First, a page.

Jack Daniel Distillery: Tennessee Whiskey “Under Attack” in General Assembly



Efforts to Undercut ‘Tennessee Whiskey’ Designation Will Create

Inferior Product and Give Upper Hand to Kentucky Bourbon Industry Says Master Distiller

LYNCHBURG, Tenn. (March 14, 2014) –  Saying that Tennessee Whiskey is “under attack,” the Jack Daniel Distillery today forcefully denounced legislation pending in the Tennessee General Assembly allowing for the reuse of barrels that its Master Distiller says will dramatically diminish the quality and integrity of the whiskey.

Current law passed by the General Assembly last year and signed by the Governor created a designation of “Tennessee Whiskey” as being made from fermented mash of at least 51 percent corn, aged in new oak barrels, charcoal mellowed and stored in the state.  The effort was a natural progression to help grow the Tennessee Whiskey designation and similar to what the bourbon industry did in the past to codify the definition of “bourbon.”

“When consumers around the world see ‘Tennessee Whiskey,’ they expect it is a premium product representing a world-class standard and utmost quality,” said Jack Daniel’s Master Distiller Jeff Arnett.  “What we have here is nothing more than an effort to allow manufacturers to deviate from that standard, produce a product that’s inferior to bourbon and label it ‘Tennessee Whiskey’ while undermining the process we’ve worked for nearly 150 years to protect.”

Arnett continued, “This is not about the interests of micro distillers in our state.  We support micro distillers.  This is about Diageo, a large foreign company with more interest in scotch and bourbon, trying to weaken what Tennessee Whiskey is and we simply shouldn’t allow it.”

Arnett said that Jack Daniel’s – and the bourbon industry – have always used new toasted and charred barrels only once for the color, flavor and character they impart upon the whiskey.  Reusing a barrel would likely require the use of artificial colorings and flavorings which in the end would produce a product inferior to bourbon, he noted.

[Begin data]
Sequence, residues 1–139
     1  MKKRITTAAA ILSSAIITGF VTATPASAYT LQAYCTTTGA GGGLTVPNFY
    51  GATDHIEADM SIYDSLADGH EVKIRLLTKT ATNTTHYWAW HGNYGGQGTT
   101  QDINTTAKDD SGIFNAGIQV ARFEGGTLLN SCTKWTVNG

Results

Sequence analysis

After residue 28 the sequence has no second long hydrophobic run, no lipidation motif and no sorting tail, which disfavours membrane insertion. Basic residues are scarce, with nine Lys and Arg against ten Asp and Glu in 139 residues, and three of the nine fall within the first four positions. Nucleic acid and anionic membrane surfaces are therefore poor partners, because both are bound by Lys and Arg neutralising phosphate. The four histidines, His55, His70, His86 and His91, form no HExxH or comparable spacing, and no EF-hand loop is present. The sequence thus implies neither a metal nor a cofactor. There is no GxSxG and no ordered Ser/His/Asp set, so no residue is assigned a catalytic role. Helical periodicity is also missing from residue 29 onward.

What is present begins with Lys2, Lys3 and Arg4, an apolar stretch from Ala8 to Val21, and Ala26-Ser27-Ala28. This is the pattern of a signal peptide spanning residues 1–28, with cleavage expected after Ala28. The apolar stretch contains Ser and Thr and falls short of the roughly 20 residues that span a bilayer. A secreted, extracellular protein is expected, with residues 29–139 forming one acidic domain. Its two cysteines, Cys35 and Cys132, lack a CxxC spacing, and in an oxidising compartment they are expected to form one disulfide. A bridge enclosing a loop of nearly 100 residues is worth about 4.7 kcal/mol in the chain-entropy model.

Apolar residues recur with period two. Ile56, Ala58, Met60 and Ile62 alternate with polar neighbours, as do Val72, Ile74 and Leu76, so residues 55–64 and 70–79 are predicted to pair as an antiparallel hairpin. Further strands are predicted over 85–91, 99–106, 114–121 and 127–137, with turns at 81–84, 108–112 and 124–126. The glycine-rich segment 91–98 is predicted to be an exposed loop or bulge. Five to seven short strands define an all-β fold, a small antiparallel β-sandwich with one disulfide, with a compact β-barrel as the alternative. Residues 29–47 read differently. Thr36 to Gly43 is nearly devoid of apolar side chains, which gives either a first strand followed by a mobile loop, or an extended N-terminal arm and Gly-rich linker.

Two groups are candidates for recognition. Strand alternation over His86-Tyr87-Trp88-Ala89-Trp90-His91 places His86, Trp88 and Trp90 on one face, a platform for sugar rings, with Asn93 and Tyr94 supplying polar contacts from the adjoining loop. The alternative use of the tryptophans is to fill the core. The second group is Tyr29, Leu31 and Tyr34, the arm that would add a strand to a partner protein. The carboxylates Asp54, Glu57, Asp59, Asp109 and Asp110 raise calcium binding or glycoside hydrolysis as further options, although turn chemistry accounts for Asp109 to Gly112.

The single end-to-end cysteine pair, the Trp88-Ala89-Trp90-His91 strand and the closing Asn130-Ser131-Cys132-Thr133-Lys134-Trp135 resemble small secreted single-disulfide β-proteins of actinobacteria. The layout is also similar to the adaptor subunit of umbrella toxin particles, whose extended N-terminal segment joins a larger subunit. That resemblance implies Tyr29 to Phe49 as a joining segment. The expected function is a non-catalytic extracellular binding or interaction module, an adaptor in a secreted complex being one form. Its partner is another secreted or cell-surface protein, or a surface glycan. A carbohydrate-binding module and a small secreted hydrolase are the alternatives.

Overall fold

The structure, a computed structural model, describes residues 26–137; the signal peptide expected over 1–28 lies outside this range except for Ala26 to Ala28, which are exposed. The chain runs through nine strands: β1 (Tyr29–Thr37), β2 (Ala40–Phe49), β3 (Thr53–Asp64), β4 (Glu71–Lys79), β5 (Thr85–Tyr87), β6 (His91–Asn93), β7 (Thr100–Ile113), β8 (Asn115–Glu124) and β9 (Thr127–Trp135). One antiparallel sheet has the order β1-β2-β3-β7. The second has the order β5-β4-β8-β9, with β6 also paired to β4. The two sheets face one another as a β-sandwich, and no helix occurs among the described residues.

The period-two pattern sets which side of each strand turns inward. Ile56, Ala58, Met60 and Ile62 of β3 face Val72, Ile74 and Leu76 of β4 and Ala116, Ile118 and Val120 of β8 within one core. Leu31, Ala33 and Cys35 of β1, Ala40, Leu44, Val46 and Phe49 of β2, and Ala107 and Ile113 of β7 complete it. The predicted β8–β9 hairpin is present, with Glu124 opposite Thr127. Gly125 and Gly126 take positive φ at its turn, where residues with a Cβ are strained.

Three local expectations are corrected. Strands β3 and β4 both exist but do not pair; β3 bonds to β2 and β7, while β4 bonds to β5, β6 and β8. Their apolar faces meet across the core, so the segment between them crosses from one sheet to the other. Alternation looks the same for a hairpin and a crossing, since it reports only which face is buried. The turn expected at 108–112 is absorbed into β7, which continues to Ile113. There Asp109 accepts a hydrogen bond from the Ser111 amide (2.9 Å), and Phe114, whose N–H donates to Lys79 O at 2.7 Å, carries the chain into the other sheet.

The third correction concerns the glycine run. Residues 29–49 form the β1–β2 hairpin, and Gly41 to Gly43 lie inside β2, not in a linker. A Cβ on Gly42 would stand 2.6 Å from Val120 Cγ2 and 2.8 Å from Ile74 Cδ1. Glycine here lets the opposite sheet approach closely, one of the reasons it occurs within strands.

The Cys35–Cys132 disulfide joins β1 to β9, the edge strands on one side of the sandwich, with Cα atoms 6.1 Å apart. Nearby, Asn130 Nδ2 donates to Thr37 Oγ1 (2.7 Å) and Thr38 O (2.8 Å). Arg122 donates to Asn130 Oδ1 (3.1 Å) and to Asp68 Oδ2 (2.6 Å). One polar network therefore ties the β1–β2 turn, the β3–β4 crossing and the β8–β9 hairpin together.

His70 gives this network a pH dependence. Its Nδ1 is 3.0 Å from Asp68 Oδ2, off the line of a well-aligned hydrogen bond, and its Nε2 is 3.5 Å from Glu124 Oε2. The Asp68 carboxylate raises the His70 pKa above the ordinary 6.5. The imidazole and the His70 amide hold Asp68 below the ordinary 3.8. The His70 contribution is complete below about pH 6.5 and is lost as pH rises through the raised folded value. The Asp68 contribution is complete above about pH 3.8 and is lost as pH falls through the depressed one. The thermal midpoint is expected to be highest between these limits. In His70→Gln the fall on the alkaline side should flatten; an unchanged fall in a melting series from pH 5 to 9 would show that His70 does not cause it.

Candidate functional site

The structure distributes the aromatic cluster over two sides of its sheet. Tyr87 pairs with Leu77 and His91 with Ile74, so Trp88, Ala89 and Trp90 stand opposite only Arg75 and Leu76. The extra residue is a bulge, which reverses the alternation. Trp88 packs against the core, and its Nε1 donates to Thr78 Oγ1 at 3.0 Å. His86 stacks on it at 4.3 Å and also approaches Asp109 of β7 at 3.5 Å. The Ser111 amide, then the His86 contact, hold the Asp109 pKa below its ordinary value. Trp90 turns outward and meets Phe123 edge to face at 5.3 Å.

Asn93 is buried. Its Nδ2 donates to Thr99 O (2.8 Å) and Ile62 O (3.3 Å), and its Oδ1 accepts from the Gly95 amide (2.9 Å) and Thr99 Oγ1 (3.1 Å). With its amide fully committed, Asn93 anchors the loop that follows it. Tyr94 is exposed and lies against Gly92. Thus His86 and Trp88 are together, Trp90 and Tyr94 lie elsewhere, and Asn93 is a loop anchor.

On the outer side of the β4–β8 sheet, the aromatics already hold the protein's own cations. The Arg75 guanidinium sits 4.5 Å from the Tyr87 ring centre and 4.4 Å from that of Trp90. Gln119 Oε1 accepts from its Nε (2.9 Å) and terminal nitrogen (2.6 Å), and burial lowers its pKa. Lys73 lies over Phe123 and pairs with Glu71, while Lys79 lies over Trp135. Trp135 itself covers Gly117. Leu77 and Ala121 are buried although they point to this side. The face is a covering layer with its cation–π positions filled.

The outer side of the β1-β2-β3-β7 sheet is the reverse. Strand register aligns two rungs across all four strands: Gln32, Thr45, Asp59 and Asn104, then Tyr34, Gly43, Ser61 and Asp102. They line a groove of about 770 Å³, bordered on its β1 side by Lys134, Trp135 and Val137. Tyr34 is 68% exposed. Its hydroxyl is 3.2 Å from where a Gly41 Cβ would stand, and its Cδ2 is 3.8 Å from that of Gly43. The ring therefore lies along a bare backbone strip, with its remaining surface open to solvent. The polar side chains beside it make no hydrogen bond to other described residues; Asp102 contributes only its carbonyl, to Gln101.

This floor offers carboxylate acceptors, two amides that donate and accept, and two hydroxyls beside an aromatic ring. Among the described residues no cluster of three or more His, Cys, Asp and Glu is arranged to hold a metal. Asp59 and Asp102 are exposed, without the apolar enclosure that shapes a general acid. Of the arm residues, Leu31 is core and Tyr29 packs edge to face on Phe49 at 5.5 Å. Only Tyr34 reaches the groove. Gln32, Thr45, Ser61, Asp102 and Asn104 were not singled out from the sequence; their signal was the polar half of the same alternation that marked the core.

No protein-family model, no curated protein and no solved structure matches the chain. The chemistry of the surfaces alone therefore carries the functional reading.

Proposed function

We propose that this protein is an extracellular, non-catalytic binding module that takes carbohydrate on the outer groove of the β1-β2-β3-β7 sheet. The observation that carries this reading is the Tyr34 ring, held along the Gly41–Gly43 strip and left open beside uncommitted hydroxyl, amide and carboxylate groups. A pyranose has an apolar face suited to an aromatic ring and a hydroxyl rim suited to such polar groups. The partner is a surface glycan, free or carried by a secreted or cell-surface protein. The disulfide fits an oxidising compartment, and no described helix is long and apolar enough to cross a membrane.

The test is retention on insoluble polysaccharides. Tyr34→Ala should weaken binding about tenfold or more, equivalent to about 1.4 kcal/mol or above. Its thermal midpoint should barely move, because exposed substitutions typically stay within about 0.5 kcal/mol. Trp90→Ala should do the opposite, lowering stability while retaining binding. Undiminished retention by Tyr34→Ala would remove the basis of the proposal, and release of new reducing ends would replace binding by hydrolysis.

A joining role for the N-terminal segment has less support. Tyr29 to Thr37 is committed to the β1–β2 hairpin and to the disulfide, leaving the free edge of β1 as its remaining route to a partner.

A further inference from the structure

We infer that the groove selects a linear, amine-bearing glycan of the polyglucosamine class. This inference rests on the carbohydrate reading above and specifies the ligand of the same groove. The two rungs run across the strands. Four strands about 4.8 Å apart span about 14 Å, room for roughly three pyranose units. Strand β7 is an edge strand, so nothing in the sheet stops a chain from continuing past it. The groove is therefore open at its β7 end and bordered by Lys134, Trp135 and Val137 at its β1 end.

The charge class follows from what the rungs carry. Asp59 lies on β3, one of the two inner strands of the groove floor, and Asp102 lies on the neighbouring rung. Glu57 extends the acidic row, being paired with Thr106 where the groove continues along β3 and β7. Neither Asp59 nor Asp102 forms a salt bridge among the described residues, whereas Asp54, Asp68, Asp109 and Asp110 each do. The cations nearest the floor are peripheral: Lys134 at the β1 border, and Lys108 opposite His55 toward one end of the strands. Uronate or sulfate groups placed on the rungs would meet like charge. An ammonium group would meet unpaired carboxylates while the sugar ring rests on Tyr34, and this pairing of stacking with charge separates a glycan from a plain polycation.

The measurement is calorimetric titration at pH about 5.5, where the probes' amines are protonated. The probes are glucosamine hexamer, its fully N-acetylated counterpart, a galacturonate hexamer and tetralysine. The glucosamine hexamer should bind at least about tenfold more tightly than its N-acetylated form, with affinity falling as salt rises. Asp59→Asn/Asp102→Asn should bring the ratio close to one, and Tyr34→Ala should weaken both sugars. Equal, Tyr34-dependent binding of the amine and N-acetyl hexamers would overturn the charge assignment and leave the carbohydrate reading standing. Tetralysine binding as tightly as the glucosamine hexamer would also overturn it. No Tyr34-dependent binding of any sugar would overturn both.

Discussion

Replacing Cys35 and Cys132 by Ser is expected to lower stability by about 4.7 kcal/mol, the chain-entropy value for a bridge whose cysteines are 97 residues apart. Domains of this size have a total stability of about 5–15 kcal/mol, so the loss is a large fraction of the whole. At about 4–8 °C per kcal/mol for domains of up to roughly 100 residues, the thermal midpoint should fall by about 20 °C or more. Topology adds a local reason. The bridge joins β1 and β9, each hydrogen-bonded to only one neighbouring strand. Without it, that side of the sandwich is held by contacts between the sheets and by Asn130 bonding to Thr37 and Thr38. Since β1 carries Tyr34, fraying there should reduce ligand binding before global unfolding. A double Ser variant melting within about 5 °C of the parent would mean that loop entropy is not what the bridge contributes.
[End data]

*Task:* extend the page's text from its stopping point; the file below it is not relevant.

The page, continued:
“Using quality grains, quality water, quality barrels and other natural ingredients has been the backbone of Tennessee Whiskey and, frankly, the bourbon industry for decades.  Why in the world would we want to change that now by inserting artificial ingredients into our processes?  And why in Tennessee would we willingly give the bourbon industry the upper hand in quality by cheapening the process we use to make our whiskey,” Arnett said.

Arnett noted that exports of Tennessee Whiskey and bourbon eclipsed $1 billion for the first time in 2013 and Tennessee Whiskey, led by Jack Daniel’s, is one of the top ten exports for the state.  American whiskey is booming and Tennessee can take pride that we have the leader of American whiskey recognized around the world, he said.

“We have only scratched the surface of what Tennessee Whiskey can be in the future, but to do that we need to ensure it remains a quality designation.  No one is saying that companies can’t make the product however they want – whether that’s not charcoal mellowing it or even using old barrels.  They just shouldn’t be able to label it ‘Tennessee Whiskey.’  It’s a real head scratcher why anyone would support legislation classifying our product as inferior to bourbon,” Arnett added.

HB2330 and SB2441 are currently being considered before the Tennessee House State Government Committee and Senate State & Local Government Committee.

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1 Comment

  1. CrassyKnoll

    If Jack Daniels (owned by Brown-Forman) is so worried about the ‘problem’ then merely require that all Tennessee whiskey be made without artificial colorants or flavorings.

    As currently written the law effectively means Tennessee whiskey is bourbon whiskey made in Tennessee.

    If Tennessee wants to be known for making a unique product, not the same as bourbon, then there should be the opportunity for it to differentiate itself from bourbon.

    This is about Brown Forman wanting to keep Tennessee whiskey being Jack Daniels and only Jack Daniels.

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